Appears in

Oxford Companion to Wine

Oxford Companion to Wine

By Jancis Robinson

Published 2006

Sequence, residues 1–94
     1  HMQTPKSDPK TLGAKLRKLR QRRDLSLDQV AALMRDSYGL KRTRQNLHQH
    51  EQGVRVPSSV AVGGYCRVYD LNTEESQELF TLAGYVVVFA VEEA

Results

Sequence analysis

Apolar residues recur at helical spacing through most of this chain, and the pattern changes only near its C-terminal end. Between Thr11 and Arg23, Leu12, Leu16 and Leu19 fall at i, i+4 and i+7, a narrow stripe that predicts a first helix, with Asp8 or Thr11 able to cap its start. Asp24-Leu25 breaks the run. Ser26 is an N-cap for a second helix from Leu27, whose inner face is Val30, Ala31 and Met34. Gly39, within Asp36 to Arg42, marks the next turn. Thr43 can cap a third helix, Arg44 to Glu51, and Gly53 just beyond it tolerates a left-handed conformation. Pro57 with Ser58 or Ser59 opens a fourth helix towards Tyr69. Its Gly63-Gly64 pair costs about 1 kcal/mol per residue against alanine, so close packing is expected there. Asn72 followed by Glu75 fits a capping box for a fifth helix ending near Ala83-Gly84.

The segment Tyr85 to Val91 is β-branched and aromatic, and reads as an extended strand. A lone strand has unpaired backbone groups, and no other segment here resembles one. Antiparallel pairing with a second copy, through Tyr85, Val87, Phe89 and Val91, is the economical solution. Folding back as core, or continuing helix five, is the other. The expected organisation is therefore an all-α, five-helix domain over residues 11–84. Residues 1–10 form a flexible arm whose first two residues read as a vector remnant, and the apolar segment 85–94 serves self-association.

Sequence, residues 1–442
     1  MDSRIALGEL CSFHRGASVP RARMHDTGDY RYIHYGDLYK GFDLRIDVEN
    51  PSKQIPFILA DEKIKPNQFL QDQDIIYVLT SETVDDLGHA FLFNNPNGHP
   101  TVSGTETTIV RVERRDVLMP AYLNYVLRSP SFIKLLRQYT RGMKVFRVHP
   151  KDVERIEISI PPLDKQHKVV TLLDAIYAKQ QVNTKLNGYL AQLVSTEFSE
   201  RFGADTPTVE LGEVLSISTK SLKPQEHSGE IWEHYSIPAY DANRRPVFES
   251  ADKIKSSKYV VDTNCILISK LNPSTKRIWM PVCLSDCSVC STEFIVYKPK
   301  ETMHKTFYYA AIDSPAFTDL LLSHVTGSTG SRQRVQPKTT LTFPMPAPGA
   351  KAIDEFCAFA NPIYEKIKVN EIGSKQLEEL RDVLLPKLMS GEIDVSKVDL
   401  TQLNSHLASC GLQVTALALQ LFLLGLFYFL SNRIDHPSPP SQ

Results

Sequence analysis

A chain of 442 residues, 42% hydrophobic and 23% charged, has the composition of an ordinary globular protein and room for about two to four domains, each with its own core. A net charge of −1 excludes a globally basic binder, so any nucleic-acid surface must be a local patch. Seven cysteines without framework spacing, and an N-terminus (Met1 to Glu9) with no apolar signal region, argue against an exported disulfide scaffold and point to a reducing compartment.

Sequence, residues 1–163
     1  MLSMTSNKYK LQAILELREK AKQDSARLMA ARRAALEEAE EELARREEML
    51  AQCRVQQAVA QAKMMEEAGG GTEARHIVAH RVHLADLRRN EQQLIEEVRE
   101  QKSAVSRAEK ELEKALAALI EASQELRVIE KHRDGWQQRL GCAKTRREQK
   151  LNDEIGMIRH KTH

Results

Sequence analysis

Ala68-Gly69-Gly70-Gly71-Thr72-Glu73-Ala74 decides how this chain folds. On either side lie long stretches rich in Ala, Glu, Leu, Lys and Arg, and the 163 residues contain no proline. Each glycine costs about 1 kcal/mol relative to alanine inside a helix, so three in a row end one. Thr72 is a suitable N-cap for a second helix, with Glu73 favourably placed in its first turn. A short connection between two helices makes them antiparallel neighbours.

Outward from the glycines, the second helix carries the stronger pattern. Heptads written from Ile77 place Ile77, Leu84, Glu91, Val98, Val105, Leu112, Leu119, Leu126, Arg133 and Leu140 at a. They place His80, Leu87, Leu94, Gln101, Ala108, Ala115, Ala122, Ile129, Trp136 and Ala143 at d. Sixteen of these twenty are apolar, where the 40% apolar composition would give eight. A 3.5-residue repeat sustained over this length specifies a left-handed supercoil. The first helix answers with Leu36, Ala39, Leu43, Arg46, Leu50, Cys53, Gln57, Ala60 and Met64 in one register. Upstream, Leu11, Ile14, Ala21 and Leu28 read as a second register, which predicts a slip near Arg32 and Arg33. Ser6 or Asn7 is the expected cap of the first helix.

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fruitfulness, viticultural term describing the number of bunches of grapes on each shoot. It can also be used to describe the potential productivity of buds. A shoot of low fruitfulness will have zero or one bunch only, while a fruitful one may have two or three or, very rarely, four. Some varieties are known to be very fruitful, an example being the so-called french hybrids, no doubt due to their part-American parentage. At the other end of the fruitfulness spectrum is sultana, which has notoriously low fertility of buds at the base of canes. Most of the commercially important wine grape varieties fall between these two extremes and two bunches per shoot is most common. Where fruitfulness is low, the vine-grower must prune to canes as opposed to spurs, as shoots which arise from short spurs will typically be of lower fruitfulness, arising as they do from basal buds.